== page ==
7 ways Christians should behave online

twitter-bday-7[1]1. No soapbox. We are told to “do everything without arguing or complaining” (Phil. 2:14). That doesn’t mean we can’t support causes we believe in, but they should be moral and biblical issues, not personal agendas.

2. No public bashing. Unless you’ve practiced Matthew 18 principles, and even then it would be rare, don’t address your problems with others online. It’s not helpful and never promotes peace (Rom. 12:18; Heb. 12:14).

3. No little jabs. We shouldn’t say things about others that may be misinterpreted as a stab against them. Guard your online tongue (James 3). I see this especially as a passive-aggressive tactic. We feel safe evoking insults or cuts to another person online that we would never say to their face.

4. Encouragement. Social media can be a great way to encourage others. We shouldn’t spam with massive amounts of posts. Few appreciate the person who reshares everything they see, but most everyone likes to read an encouraging word pointed especially to them (Eph. 4:29).

5. Do to others. As we’d have them do to us. We should always think before we post. Pause. Breathe. Think. Post. Ask yourself how you would be impacted by the post before you post it (Luke 6:31).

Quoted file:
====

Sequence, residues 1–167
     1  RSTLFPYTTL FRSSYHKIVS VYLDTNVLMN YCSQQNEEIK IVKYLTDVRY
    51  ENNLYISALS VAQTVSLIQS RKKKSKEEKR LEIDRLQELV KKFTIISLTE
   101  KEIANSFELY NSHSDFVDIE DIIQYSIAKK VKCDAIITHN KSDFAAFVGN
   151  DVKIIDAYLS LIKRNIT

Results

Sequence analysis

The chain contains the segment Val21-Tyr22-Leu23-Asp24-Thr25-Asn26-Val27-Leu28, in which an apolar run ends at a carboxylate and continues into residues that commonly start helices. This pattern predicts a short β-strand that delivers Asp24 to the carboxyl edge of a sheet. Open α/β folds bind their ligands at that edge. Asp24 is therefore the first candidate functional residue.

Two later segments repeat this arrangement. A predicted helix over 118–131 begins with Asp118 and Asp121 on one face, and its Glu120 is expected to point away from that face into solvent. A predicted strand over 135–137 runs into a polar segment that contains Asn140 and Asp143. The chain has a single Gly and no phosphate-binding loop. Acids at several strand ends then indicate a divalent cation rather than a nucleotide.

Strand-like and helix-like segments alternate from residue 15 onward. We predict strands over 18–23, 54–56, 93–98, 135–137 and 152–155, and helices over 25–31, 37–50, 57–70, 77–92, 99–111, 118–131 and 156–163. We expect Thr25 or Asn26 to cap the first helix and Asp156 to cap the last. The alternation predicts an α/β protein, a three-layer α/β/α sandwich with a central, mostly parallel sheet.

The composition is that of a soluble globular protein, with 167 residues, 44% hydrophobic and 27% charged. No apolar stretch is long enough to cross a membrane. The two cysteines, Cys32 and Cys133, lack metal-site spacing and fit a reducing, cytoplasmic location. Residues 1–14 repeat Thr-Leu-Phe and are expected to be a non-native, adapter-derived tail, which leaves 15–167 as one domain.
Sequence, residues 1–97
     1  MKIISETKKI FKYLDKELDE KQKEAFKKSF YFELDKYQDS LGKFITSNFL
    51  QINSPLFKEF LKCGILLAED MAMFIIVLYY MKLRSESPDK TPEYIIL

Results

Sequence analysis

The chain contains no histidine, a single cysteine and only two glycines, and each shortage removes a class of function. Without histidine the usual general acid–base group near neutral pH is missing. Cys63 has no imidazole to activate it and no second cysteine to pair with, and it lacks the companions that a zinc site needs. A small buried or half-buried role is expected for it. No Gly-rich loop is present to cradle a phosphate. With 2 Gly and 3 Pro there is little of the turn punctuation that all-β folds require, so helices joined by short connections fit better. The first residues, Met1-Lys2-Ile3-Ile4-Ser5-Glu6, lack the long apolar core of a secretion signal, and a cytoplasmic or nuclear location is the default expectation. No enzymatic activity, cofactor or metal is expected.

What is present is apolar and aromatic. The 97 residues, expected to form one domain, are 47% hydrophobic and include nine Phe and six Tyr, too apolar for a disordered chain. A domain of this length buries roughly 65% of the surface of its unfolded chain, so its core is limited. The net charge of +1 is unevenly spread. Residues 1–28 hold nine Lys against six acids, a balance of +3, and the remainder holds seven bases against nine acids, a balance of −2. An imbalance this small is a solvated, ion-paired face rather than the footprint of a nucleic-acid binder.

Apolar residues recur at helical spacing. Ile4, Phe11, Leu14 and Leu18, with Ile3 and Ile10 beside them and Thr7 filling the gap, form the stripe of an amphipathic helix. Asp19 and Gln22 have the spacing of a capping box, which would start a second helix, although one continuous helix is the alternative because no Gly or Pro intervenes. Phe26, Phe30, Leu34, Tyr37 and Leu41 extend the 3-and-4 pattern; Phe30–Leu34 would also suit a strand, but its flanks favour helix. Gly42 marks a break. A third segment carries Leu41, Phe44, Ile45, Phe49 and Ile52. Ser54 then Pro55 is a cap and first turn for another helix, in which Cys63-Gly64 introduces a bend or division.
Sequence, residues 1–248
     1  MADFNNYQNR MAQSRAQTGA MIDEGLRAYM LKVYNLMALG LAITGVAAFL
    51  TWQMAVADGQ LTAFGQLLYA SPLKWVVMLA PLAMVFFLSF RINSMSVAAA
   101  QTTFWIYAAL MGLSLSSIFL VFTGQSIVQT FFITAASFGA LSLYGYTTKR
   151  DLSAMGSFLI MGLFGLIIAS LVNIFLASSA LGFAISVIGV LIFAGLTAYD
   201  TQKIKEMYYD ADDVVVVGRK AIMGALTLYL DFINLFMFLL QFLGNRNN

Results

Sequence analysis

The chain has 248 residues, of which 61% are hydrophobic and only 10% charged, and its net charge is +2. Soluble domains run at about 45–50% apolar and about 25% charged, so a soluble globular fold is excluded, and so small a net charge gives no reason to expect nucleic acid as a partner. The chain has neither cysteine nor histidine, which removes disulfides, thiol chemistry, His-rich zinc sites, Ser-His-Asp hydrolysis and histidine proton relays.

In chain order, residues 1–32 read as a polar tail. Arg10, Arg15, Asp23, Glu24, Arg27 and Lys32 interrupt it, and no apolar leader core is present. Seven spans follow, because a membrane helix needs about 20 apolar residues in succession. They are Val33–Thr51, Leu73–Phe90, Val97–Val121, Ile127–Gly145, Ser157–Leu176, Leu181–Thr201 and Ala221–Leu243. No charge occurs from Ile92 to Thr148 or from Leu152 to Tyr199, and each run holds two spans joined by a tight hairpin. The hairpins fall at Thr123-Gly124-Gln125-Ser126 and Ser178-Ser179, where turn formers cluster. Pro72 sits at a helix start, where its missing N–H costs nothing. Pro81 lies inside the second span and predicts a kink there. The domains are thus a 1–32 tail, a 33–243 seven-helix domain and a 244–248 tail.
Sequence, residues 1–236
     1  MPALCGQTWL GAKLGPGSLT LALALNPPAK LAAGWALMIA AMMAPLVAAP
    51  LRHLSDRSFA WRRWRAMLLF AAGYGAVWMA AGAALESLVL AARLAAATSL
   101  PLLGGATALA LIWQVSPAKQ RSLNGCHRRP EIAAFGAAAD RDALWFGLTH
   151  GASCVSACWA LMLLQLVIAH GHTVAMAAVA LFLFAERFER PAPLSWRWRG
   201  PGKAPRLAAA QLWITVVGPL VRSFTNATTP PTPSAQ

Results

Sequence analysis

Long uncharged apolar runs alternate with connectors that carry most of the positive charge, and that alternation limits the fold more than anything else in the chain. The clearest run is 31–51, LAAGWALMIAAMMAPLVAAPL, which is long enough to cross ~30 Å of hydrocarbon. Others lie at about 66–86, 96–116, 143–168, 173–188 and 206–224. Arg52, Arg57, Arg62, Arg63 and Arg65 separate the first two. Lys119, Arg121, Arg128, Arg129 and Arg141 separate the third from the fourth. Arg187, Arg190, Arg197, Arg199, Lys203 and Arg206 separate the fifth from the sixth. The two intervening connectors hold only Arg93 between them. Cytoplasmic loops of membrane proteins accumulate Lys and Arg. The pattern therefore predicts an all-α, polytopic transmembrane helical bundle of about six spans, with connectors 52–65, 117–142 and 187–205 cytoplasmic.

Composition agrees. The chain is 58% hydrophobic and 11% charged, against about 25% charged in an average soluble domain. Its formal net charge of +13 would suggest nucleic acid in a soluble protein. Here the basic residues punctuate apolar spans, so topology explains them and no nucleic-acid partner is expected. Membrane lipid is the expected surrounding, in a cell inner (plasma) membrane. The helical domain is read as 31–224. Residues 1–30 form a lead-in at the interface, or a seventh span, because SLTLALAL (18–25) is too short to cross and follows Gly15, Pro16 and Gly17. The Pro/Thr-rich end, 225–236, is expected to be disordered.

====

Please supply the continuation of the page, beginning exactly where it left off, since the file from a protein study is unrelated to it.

6. Guard against pride. We have to be careful with self-promotion and bragging about ourselves online. Granted, this is coming from one who has built an online platform online, and I frequently encourage other pastors to do the same. It’s one of the best ways currently to engage people for kingdom building. But this is a reminder for me too. We must check our motives, guard our hearts and never allow our egos to rob glory from what God wants to do through our online presence (Prov. 11:2; 13:10).

7. Do not allow it to be a replacement for community. It’s easy to post “Happy birthday” or reply “Praying for you” without really doing so. We shouldn’t trade the functions of the body for an online presence (Acts 2:42-47; Heb. 10:24).

Those are seven that come to my mind. What would you add? (Be general, please, and not specific in your comments, so as not to violate the purpose of the post.)

Ron Edmondson is a church planter and pastor with a heart for strategy, leadership and marketing, especially geared toward developing churches and growing and improving the kingdom of God.

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